Credit Suisse (CS), the Swiss bank taken over this month by rival UBS Group (UBS), helped as many as 25 wealthy American families hide more than $780 million from the IRS, violating a 2014 plea deal with U.S. authorities, according to a Senate Finance Committee report released today.
- Senate investigation alleges Credit Suisse helped wealthy clients evade taxes
- Senate investigation identifies over $780 million in undeclared assets from about 25 families
- Credit Suisse appears to have violated a 2014 plea deal by continuing to help wealthy Americans dodge the IRS.
- Senate Finance Committee Chairman Ron Wyden says it's “time to prosecute.”
A two-year investigation by the committee revealed "major violations," including failing to disclose almost $100 million of secret offshore accounts belonging to a single family, a "potentially criminal tax conspiracy."
The claims came after the 167-year-old lender's impending collapse forced Swiss authorities to orchestrate a buyout by UBS on March 19 for over $3 billion. UBS rehired former CEO Sergio Ermotti to navigate the business through the forced merger.
The Senate investigation also obtained records detailing over $220 million in offshore accounts hidden from the IRS by U.S. businessman Dan Horsky. In 2016, Horsky pleaded guilty to "one of the largest criminal tax evasion cases in American history."
In both instances, Credit Suisse failed to disclose the accounts to DOJ after entering into its plea agreement and only did so after whistleblowers notified U.S. authorities of the existence of the accounts.
Investigators also found 23 large, potentially undeclared accounts belonging to ultra-high-net-worth U.S. individuals Credit Suisse disclosed last year that it identified 10 additional large client relationships involving U.S. people, each holding an account in excess of $20 million, and another 13 accounts in excess of $20 million that could also involve Americans.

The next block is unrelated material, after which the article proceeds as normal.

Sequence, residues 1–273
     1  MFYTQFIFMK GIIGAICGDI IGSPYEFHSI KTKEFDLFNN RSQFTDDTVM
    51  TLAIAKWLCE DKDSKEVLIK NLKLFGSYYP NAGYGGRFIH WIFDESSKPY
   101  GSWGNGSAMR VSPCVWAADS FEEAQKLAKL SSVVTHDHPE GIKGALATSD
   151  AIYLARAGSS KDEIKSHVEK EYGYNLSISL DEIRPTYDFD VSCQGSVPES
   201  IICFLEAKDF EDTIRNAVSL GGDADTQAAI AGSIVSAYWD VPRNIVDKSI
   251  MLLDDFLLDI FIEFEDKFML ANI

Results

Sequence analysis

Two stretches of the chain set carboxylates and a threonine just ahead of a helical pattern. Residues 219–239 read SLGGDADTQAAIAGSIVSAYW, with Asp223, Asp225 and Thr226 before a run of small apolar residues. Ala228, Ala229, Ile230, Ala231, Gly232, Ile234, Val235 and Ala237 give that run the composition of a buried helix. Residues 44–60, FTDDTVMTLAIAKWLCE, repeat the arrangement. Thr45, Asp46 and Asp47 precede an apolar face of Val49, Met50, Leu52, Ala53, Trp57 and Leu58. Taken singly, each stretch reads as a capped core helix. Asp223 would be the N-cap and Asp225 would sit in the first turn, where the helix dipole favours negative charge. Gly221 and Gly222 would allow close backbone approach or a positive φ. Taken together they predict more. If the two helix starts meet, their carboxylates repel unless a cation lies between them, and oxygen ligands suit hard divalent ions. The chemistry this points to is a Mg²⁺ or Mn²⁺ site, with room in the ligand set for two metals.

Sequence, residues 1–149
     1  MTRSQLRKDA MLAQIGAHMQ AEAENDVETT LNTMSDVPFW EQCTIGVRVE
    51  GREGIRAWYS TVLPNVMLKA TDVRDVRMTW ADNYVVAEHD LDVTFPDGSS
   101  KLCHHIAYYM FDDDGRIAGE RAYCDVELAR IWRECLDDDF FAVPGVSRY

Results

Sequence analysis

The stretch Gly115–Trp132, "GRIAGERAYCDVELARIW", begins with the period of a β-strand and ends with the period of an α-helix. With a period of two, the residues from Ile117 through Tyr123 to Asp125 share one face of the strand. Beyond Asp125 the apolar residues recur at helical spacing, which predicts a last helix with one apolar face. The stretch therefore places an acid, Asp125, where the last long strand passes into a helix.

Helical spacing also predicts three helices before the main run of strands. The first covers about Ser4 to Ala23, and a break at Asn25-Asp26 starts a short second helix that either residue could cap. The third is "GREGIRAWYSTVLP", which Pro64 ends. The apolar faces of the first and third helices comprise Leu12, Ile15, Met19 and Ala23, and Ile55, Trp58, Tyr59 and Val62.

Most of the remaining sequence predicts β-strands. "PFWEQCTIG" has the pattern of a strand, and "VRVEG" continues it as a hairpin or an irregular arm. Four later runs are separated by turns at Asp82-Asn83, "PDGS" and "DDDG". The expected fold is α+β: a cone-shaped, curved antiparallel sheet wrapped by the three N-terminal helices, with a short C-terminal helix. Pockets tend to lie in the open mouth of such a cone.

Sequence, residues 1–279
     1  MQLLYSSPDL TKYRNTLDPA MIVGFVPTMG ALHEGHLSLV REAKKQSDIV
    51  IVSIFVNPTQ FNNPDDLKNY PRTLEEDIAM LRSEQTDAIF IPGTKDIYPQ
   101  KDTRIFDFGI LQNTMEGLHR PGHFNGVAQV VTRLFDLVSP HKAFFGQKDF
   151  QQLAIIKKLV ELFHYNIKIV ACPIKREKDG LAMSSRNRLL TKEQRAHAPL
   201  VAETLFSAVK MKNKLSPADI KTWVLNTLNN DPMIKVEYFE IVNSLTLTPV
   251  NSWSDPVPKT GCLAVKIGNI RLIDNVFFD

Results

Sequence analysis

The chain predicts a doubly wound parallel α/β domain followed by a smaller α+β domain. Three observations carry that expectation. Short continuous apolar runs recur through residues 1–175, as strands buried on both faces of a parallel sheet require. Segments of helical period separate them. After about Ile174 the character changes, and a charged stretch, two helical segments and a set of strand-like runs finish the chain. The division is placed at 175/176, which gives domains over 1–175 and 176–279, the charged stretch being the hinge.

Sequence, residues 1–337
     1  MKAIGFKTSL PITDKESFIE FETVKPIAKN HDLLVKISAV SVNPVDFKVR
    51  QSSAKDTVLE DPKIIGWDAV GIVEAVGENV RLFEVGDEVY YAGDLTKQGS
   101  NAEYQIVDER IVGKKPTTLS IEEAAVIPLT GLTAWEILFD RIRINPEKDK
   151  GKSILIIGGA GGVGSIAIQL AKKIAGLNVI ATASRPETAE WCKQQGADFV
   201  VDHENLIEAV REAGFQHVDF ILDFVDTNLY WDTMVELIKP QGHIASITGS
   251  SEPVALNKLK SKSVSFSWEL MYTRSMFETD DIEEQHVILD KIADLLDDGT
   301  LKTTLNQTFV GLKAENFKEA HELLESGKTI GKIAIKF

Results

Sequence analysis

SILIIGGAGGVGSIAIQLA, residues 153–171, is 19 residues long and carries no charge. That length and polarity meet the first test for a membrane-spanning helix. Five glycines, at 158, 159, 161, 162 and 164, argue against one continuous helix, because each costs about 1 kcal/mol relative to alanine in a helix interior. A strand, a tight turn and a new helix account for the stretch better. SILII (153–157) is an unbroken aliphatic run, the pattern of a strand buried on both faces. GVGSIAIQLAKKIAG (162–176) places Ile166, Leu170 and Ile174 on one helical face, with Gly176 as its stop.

Credit Suisse Denies Guilt
Credit Suisse maintains it doesn't tolerate tax evasion and is cooperating with investigators, including Senate Finance Committee Chairman Ron Wyden.
“The report describes legacy issues, some from a decade ago, and we have implemented extensive enhancements since then to root out individuals who seek to conceal assets from tax authorities,” a Credit Suisse spokesperson told CNBC. The terms of the 2014 plea deal included Credit Suisse paying $2.6 billion to various tax authorities as well as the indictments of eight employees since 2011.
'Time To Prosecute' Says Senator
"At the center of this investigation are greedy Swiss bankers and catnapping government regulators, and the result appears to be a massive, ongoing conspiracy to help ultra-wealthy U.S. citizens to evade taxes and rip off their fellow Americans," said Senator Wyden.
He said more information had been found in the last week, and the investigation isn't complete.
“It’s time to prosecute and ensure that there are penalties that send a strong message,” Wyden said.